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At Apple, the head of retail is a major, public-focused position.
While Apple is a technology company, its stores — more than 500 across the world — are one of the main places where the company can speak directly to customers, fix their issues, and persuade them to buy new Apple computers.
In fact, Apple’s senior vice president of retail, Angela Ahrendts, is fond of calling Apple stores the company’s “biggest product.” Most of Apple’s full-time employees work in its stores.
But now, Ahrendts is out. In an announcement on Tuesday, Apple said Ahrendts would be leaving, and taking over for her would be Deirdre O’Brien, who runs Apple’s human resources and will add the retail division to her workload.
Though Ahrendts was a public face of Apple, appearing at launch events and giving interviews, many consumers and Apple retail employees will remember her five-year tenure as a period of changes and challenges.
When she started, Apple’s stores were already a juggernaut. Apple stopped reporting sales per square foot a while ago, but a 2017 estimate from eMarketer said that Apple made more than $5,000 a square foot — higher than any other retailer.
Ahrendts oversaw a major redesign of Apple’s stores, starting with the name — not Apple Stores, but just Apple, like Burberry, the fashion house she used to lead.
Under her supervision, Apple stores moved away from lines and the Genius Bar, where customers could sit to get their products fixed, and moved to a new paradigm, where Apple employees roam the floor and can help or check out customers from their mobile devices.
She also integrated Apple’s online store and its retail arm, such that so many people were able to preorder and pick up iPhones on launch days that the famous line of fans became largely a phenomenon of the past.
“Angela has inspired and energized our retail teams with the vision of stores as a place where the best of Apple comes together to serve customers and communities. During her tenure, the in-store experience has been redefined with programs like Today at Apple, and our relationship with customers is stronger than ever,” Apple CEO Tim Cook said in a memo to employees obtained by Business Insider.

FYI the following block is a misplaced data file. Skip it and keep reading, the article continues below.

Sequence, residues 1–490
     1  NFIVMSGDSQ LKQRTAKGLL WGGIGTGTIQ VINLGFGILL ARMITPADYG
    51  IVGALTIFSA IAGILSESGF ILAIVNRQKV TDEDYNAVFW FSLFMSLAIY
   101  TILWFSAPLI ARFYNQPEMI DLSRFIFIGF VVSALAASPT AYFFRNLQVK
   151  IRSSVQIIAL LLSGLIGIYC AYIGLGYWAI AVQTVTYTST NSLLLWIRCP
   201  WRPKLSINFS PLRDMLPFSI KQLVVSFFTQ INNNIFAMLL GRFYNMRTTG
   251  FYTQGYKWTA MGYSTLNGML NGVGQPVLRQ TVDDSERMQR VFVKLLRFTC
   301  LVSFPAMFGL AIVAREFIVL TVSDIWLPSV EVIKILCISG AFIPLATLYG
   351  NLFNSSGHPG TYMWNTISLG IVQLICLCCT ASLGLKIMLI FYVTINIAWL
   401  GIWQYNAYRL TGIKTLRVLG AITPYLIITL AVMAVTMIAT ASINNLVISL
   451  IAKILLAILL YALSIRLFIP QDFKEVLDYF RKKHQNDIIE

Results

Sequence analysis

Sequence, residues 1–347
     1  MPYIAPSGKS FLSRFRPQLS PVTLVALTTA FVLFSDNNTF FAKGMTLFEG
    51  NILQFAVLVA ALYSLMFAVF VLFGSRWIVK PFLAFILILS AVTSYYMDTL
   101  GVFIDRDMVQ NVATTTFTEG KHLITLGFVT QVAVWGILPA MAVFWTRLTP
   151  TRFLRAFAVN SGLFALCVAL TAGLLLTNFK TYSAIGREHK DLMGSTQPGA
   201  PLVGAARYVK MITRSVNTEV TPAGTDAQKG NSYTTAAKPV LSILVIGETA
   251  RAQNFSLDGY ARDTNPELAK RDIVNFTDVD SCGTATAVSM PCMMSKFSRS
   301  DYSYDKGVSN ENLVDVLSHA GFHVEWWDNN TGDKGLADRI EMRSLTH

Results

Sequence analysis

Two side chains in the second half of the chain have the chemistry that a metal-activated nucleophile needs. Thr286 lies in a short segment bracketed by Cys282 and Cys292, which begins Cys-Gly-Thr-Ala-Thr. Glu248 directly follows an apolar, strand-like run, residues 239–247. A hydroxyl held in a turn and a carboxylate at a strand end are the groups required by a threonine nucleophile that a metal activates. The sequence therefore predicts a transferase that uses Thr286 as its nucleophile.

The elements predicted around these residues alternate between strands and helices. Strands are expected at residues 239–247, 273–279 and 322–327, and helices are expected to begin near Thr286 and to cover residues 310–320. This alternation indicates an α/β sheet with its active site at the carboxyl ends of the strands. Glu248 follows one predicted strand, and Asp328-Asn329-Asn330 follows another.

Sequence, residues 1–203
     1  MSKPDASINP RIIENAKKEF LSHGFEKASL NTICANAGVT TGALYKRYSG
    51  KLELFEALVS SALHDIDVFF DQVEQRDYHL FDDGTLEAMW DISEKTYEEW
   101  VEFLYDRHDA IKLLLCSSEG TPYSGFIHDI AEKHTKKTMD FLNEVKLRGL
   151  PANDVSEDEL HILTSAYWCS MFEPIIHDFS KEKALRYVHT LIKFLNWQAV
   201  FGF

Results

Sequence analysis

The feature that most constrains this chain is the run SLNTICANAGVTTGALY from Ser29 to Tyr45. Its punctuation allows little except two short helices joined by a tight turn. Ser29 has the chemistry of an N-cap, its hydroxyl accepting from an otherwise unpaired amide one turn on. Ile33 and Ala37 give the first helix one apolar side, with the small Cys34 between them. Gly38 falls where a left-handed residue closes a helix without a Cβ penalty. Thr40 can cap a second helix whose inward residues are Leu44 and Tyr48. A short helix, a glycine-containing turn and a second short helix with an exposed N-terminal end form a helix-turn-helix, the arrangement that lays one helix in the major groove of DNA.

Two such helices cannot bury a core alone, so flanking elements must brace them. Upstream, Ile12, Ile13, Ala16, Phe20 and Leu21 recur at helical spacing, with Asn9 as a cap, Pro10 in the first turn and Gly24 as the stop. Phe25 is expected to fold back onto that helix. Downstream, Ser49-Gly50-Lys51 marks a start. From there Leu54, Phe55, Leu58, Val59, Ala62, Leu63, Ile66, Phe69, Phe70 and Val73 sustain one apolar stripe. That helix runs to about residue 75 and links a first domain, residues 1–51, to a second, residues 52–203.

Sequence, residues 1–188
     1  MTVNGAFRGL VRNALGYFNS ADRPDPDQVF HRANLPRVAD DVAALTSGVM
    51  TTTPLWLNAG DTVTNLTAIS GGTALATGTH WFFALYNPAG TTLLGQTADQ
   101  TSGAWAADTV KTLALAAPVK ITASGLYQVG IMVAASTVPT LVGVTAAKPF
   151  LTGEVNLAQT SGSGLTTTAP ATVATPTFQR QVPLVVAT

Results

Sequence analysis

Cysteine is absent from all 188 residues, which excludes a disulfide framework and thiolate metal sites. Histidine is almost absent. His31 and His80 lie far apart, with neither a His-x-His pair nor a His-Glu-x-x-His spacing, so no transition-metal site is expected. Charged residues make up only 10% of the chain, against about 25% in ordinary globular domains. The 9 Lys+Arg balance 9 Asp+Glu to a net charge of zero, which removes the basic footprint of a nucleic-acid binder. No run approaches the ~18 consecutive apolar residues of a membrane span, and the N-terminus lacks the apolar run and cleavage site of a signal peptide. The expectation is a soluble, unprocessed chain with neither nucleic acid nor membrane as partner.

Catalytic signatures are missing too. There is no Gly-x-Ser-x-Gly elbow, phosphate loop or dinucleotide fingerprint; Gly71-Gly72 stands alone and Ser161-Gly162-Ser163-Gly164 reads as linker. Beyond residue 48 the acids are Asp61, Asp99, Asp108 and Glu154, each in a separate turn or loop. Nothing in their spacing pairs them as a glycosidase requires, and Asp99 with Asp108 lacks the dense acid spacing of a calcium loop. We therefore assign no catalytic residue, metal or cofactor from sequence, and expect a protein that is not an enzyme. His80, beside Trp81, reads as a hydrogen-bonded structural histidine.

“Ahrendts’s signature accomplishment has been the unification of Apple’s offline and online retail experiences; she also advanced the Today at Apple in-store experience,” the Loup Ventures founder Gene Munster wrote in an email.
Apple employees liked that Ahrendts was communicative and were surprised about the announcement. She posted regular video addresses to retail employees, which could be viewed on Apple’s employee portal. She also regularly communicated with retail teams about why certain programs or products were being changed or added, an Apple technician told Business Insider, asking for anonymity because they are not allowed to speak publicly about their job.
Retail employees were informed of the changes in an email sent shortly after Apple’s public announcement.
But there were significant challenges under Ahrendts as well. Stores are often overcrowded, especially during important periods like the holiday season. Apple stores became the de facto service center for iPhones purchased from anywhere, including from carriers and other retailers, straining limited resources. And the new system of hailing an Apple employee from anywhere on the show floor frustrated some people, who would’ve preferred lining up.